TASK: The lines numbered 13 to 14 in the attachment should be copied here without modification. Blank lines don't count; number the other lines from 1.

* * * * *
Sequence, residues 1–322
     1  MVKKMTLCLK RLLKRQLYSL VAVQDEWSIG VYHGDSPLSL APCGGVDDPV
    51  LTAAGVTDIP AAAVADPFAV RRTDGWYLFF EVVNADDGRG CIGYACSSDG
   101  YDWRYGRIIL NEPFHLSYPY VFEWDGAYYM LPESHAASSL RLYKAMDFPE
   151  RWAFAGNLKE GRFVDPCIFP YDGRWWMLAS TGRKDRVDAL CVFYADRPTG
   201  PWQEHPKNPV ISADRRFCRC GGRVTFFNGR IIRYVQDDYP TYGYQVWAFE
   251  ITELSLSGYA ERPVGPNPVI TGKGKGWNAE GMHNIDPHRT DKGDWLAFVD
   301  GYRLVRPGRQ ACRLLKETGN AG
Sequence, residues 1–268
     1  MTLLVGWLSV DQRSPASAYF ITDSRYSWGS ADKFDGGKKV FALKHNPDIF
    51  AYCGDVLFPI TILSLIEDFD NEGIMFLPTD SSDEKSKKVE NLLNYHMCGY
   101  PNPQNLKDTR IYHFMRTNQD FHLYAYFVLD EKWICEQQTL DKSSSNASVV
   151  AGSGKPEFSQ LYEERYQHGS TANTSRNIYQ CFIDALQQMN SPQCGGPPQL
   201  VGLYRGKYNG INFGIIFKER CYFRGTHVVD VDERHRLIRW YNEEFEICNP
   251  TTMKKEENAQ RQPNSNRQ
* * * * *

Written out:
   151  AGSGKPEFSQ LYEERYQHGS TANTSRNIYQ CFIDALQQMN SPQCGGPPQL
   201  VGLYRGKYNG INFGIIFKER CYFRGTHVVD VDERHRLIRW YNEEFEICNP